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Perspectives in Veterinary Education: Effectiveness of a digital interactive multimedia tutorial for preparing veterinary students to perform ultrasonography in horses

Cristobal Navas de SolisFrom the Department of Large Animal Clinical Sciences, College of Veterinary Medicine & Biomedical Sciences, Texas A&M University, College Station, TX 77843

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Lindsey J. GilmourFrom the Department of Large Animal Clinical Sciences, College of Veterinary Medicine & Biomedical Sciences, Texas A&M University, College Station, TX 77843

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Michelle C. ColemanFrom the Department of Large Animal Clinical Sciences, College of Veterinary Medicine & Biomedical Sciences, Texas A&M University, College Station, TX 77843

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Ashlee E. WattsFrom the Department of Large Animal Clinical Sciences, College of Veterinary Medicine & Biomedical Sciences, Texas A&M University, College Station, TX 77843

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Kari E. BevevinoFrom the Department of Large Animal Clinical Sciences, College of Veterinary Medicine & Biomedical Sciences, Texas A&M University, College Station, TX 77843

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Kati G. GlassFrom the Department of Large Animal Clinical Sciences, College of Veterinary Medicine & Biomedical Sciences, Texas A&M University, College Station, TX 77843

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Joanne HardyFrom the Department of Large Animal Clinical Sciences, College of Veterinary Medicine & Biomedical Sciences, Texas A&M University, College Station, TX 77843

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Kristin P. ChaneyFrom the Department of Veterinary Integrative Biosciences, College of Veterinary Medicine & Biomedical Sciences, Texas A&M University, College Station, TX 77843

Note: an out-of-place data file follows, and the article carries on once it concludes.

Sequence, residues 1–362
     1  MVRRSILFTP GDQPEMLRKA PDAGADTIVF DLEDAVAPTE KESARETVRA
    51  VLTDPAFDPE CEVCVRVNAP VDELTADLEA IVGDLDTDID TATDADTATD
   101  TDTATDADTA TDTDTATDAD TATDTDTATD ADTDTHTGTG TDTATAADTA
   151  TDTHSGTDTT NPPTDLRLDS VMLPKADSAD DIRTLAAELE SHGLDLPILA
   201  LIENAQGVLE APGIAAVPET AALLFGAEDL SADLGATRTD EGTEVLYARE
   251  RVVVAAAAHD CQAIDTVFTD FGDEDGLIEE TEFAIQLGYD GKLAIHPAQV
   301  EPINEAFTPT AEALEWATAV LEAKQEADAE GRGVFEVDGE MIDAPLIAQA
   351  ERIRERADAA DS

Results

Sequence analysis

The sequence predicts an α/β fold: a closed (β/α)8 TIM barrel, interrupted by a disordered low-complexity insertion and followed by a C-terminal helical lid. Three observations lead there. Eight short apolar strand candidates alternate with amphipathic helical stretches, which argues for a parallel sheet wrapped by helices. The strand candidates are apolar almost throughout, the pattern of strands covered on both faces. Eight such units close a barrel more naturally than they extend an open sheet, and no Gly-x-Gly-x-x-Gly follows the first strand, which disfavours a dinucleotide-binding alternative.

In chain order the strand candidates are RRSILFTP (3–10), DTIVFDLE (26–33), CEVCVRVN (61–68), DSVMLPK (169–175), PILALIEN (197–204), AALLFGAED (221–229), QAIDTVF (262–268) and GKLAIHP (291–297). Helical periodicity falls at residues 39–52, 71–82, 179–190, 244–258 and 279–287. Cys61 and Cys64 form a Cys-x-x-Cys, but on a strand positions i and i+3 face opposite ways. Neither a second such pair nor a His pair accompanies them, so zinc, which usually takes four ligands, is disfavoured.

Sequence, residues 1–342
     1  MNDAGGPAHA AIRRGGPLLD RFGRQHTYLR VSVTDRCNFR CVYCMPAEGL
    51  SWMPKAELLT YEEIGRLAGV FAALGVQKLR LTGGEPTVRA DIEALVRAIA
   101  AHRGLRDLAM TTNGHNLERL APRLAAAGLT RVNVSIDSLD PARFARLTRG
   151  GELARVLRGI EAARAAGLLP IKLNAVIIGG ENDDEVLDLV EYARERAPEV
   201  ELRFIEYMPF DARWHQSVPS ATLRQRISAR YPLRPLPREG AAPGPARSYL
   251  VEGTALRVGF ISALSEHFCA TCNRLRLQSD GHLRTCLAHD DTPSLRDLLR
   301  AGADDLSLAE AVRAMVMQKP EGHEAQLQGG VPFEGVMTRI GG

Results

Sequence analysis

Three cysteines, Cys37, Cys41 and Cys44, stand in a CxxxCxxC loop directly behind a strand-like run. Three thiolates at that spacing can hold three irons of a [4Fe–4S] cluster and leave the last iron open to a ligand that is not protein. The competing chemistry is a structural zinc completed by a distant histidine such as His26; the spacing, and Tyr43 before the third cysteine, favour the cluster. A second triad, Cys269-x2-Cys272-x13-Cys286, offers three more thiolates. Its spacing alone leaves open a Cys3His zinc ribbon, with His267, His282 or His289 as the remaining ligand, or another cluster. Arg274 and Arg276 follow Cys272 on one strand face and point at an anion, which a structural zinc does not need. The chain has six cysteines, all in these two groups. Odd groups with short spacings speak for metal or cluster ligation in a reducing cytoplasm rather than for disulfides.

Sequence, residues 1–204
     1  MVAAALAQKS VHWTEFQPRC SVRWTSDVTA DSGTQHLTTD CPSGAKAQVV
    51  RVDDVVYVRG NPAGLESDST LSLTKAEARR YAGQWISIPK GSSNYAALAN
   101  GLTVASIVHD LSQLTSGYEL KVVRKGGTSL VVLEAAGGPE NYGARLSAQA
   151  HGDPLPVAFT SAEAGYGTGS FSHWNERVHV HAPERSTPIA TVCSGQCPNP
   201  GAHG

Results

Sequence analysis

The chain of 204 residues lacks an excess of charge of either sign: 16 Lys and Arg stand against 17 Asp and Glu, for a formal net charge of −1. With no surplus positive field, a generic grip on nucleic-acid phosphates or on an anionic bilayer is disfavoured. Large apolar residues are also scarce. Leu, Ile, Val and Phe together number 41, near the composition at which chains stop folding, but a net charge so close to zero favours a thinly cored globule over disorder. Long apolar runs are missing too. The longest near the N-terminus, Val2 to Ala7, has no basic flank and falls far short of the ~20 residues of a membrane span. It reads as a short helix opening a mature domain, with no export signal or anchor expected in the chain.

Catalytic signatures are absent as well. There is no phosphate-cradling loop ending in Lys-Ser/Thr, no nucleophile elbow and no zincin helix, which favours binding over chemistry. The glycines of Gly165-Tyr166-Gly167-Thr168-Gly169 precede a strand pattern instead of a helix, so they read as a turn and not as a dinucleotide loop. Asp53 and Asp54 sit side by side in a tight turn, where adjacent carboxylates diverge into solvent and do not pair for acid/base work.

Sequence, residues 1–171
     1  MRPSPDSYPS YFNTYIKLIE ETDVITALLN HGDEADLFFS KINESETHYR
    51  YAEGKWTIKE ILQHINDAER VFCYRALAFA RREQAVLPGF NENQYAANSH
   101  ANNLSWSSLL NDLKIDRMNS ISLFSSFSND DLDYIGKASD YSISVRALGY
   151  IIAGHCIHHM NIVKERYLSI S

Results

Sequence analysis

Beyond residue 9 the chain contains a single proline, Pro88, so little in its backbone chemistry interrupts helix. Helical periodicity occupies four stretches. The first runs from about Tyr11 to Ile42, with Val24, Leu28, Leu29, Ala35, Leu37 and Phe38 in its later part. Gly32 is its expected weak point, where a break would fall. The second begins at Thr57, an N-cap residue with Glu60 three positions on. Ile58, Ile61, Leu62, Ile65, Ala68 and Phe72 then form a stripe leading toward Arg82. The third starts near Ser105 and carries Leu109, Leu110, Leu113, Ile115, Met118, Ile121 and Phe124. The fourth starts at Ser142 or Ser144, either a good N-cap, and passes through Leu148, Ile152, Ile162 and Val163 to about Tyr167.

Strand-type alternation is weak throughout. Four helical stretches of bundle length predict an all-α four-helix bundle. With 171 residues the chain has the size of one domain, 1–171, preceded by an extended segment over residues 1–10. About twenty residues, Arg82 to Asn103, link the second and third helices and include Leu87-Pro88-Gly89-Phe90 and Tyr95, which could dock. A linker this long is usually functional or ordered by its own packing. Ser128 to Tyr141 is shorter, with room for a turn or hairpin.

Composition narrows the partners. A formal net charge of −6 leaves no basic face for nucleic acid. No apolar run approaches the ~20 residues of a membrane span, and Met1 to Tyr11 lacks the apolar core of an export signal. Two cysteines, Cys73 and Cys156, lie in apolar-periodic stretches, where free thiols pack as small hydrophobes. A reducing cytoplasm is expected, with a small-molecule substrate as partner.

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Abstract

OBJECTIVE

To determine the effectiveness of a digital interactive multimedia tutorial (DIMT) for preparing veterinary students to perform ultrasonography in horses.

SAMPLE

42 third-year veterinary students.

PROCEDURES

Students were randomly assigned to 3 instructional methods: independent study (ie, 45 minutes to read a highlighted textbook chapter), lecture (ie, 45-minute lecture by a faculty member), or digital interactive multimedia tutorial (DIMT; ie, 45-minute narrated, interactive module). Written and practical tests were administered after each instruction session. For the practical test, each student was required to obtain a series of ultrasound images of a live horse, and images were later scored for quality by an individual unaware of the instructional method used.

RESULTS

Higher-quality ultrasound images were obtained by veterinary students who had reviewed the DIMT rather than the analogous information in textbook chapters. No difference in scores was identified between students in the lecture group and those in the DIMT group. Students’ perceptions suggested that practical instruction facilitated by clinicians was a key component of learning how to perform ultrasonography in horses.

CONCLUSIONS AND CLINICAL RELEVANCE

Results supported the use of DIMTs in preparing veterinary students to perform ultrasonography in horses.

Abstract

OBJECTIVE

To determine the effectiveness of a digital interactive multimedia tutorial (DIMT) for preparing veterinary students to perform ultrasonography in horses.

SAMPLE

42 third-year veterinary students.

PROCEDURES

Students were randomly assigned to 3 instructional methods: independent study (ie, 45 minutes to read a highlighted textbook chapter), lecture (ie, 45-minute lecture by a faculty member), or digital interactive multimedia tutorial (DIMT; ie, 45-minute narrated, interactive module). Written and practical tests were administered after each instruction session. For the practical test, each student was required to obtain a series of ultrasound images of a live horse, and images were later scored for quality by an individual unaware of the instructional method used.

RESULTS

Higher-quality ultrasound images were obtained by veterinary students who had reviewed the DIMT rather than the analogous information in textbook chapters. No difference in scores was identified between students in the lecture group and those in the DIMT group. Students’ perceptions suggested that practical instruction facilitated by clinicians was a key component of learning how to perform ultrasonography in horses.

CONCLUSIONS AND CLINICAL RELEVANCE

Results supported the use of DIMTs in preparing veterinary students to perform ultrasonography in horses.

Supplementary Materials

    • Supplementary Appendix S1 (PDF 843 KB)
    • Supplementary Appendix S2 (PDF 486 KB)
    • Supplementary Table S1 (PDF 311 KB)

Contributor Notes

Dr. Navas de Solis’ present address is the Department of Clinical Studies–New Bolton Center, School of Veterinary Medicine, University of Pennsylvania, Kennett Square, PA 19348.

Address correspondence to Dr. Chaney (kchaney@cvm.tamu.edu).